Lee is now a post-tropical cyclone that’s still whipping hurricane-strength winds as rain soaks New England, Atlantic Canada

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Now a post-tropical cyclone, Lee continues to churn hurricane-strength winds early Saturday morning while delivering rainfall to parts of southeastern New England and Atlantic Canada, according to the National Hurricane Center.

Lee, which was a Category 1 hurricane earlier Saturday, is still expected to impact the region despite the status change.

“Lee is expected to be at or just below hurricane strength when it reaches Nova Scotia later today. Weakening is forecast tonight and Sunday while Lee moves across Atlantic Canada,” the National Hurricane Center said Saturday in its 5 a.m. advisory, adding the storm has lost sufficient tropical characteristics to be considered a hurricane.

The most significant impacts on the US are the possibility of some coastal flooding and tropical-storm-force winds churning in coastal New England, particularly Maine where a state emergency has been declared. A hurricane watch is in effect for the southern coasts of the Canadian provinces of New Brunswick and Nova Scotia.

Lee had maximum sustained winds of 80 mph as its core is around 220 miles south-southeast of Eastport, Maine, as of 5 a.m. ET Saturday, the hurricane center said. Lee was 230 miles (365 kilometers) south-southwest of Halifax, Nova Scotia.

Lee is not expected to make landfall in the US.

Despite being hundreds of miles away from the US East Coast, tropical storm conditions were battering the coasts of Massachusetts and Nova Scotia early Saturday morning as similar impacts loom for Maine, hurricane center forecasters said.

“These conditions are likely to lead to downed trees and potential power outages,” the hurricane center warned.

Hurricane-strength winds could be felt up to 140 miles from Lee’s center while tropical-storm-force winds extended by up to 390 miles.

A sustained wind of 43 mph and 59 mph gust were recently measured at Dennis, Massachusetts, the hurricane center said.

In addition to ferocious winds, Lee could also unleash up to 6 inches of rain in far northern Maine on Saturday, with neighboring New Hampshire, Massachusetts and Rhode Island also at risk of seeing heavy precipitation. Massachusetts Gov. Maura Healey declared a state of emergency Friday due to the storm.

Tropical storm warnings are in effect for the coasts of Massachusetts all the way north through Maine, including the popular island destinations of Martha’s Vineyard and Nantucket off the coast of Massachusetts. The warning extends further north into Canada.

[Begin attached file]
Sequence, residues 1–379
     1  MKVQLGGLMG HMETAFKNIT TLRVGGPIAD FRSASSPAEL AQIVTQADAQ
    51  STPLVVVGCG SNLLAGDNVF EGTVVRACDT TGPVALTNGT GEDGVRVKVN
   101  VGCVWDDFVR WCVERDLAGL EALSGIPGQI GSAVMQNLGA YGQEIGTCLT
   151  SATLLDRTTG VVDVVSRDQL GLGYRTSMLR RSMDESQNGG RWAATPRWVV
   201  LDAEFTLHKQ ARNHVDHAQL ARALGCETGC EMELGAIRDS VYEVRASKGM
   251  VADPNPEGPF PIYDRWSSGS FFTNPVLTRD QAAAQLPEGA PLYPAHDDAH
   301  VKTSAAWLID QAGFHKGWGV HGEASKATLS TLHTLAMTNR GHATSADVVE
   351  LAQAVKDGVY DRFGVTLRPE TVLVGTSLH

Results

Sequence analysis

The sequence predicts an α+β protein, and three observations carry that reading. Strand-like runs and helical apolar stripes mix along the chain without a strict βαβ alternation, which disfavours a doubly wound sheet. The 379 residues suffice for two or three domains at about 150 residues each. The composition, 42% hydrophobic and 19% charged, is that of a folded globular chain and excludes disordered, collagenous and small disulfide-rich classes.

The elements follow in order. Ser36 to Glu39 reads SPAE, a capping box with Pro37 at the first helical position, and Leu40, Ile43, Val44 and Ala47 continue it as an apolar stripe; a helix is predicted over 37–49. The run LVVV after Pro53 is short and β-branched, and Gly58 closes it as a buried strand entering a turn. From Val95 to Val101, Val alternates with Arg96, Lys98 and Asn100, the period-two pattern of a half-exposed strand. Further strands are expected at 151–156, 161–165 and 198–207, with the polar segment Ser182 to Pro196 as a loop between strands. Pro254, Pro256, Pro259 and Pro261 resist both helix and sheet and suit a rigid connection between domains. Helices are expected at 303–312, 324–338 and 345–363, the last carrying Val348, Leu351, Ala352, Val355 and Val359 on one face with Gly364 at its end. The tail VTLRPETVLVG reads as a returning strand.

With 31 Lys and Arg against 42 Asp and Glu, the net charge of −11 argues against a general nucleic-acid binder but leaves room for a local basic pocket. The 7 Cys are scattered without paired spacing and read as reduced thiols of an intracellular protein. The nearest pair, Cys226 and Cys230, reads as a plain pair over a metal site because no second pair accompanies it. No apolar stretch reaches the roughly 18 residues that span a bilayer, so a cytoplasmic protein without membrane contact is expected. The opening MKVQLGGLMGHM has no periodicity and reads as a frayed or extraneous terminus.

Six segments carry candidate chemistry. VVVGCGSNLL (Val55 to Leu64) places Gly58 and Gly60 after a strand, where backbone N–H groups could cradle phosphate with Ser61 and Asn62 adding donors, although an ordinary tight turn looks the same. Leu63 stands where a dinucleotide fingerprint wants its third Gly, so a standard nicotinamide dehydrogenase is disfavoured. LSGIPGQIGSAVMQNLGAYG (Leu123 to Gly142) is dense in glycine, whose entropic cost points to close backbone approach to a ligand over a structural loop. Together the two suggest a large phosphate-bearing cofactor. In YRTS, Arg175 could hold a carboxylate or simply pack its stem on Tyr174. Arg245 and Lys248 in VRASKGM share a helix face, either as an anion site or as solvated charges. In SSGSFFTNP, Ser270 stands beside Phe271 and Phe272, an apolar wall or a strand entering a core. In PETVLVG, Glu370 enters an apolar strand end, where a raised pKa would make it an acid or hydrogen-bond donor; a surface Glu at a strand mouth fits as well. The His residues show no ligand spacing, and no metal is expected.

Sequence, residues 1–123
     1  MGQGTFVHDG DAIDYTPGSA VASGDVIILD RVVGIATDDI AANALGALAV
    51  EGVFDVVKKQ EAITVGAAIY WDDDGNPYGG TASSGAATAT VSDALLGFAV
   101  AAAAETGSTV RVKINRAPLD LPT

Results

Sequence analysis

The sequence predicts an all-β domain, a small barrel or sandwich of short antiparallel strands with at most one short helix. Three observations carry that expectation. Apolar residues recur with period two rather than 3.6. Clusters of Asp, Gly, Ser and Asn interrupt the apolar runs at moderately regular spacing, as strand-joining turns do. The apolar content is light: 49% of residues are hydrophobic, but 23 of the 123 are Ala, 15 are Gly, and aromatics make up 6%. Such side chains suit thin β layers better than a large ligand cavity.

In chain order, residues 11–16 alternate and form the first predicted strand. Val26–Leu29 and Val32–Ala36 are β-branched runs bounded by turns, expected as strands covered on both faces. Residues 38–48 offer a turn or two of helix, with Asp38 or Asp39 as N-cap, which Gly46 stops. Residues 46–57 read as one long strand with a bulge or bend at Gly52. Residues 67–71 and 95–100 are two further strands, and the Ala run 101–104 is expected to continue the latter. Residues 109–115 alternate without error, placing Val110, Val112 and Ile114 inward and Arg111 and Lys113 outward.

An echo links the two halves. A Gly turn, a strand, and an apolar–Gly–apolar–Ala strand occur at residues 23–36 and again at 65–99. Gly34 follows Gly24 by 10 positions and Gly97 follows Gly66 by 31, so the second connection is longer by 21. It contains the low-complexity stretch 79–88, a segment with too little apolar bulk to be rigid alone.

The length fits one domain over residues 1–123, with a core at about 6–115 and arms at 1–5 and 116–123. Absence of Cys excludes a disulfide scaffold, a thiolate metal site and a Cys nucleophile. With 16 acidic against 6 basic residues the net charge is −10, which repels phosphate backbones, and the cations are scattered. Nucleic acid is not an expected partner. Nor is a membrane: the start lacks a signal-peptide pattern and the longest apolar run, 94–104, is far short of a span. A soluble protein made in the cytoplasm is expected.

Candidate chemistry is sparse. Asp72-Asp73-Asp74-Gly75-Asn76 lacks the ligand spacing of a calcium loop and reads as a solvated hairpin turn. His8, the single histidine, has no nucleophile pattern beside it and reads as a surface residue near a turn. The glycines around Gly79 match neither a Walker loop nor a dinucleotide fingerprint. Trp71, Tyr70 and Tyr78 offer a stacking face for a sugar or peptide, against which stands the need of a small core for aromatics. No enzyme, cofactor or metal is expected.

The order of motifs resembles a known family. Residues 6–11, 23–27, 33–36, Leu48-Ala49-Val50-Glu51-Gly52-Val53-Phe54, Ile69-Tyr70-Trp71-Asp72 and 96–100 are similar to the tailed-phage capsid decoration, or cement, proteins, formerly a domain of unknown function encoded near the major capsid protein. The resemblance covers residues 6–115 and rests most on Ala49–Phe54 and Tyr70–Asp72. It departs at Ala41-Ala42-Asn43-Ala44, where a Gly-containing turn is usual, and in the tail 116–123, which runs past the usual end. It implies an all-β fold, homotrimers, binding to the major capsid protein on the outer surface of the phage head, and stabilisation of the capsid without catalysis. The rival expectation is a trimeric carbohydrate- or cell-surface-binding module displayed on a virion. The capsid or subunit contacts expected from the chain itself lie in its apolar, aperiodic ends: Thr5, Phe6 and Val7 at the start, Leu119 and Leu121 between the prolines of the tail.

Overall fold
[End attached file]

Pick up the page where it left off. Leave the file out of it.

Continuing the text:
At the coast from the Long Island Sound north through Maine, flooding of 1 to 3 feet above ground level is possible if Lee’s storm surge coincides with high tide, according to National Hurricane Center director Michael Brennan.

Canada and US residents along shore urged to stay indoors

National Hurricane Center deputy director Jamie Rhome warned that people should avoid driving near shores and urged them to stay home to ride out the storm. He also noted there’s a high rip current risk extending from southern Florida stretching thousands of miles north to Maine.

“The waves from this big hurricane produce a current that goes out to sea and will pull you out,” Rhome said Friday evening in a brief video update. “So, if you’re going to go to the beach this weekend, swim near a lifeguard.”

In anticipation of those dangerous waves, local officials in Toms River, New Jersey, barred swimming this weekend at Ortley Beach, according to a news release from the township. Violators may be ticketed.

“Lifeguards will be on duty Saturday and Sunday from 9:00 a.m. to 5:00 p.m. to enforce the Red Flag ban on swimming. The beach itself will be open,” officials said in news release Friday.

Meanwhile in Canada, officials in New Brunswick cautioned residents to prepare for power outages and stock up on food and medication for at least 72 hours as they encouraged people to stay indoors.

“Once the storm starts, remember please stay at home if at all possible,” said Kyle Leavitt, director of New Brunswick Emergency Measures Organization. “Nothing good can come from checking out the big waves and how strong the wind truly is. Not only are you putting yourself at risk, but you are putting at risk the lives of the emergency services personnel who may have to assist you.”

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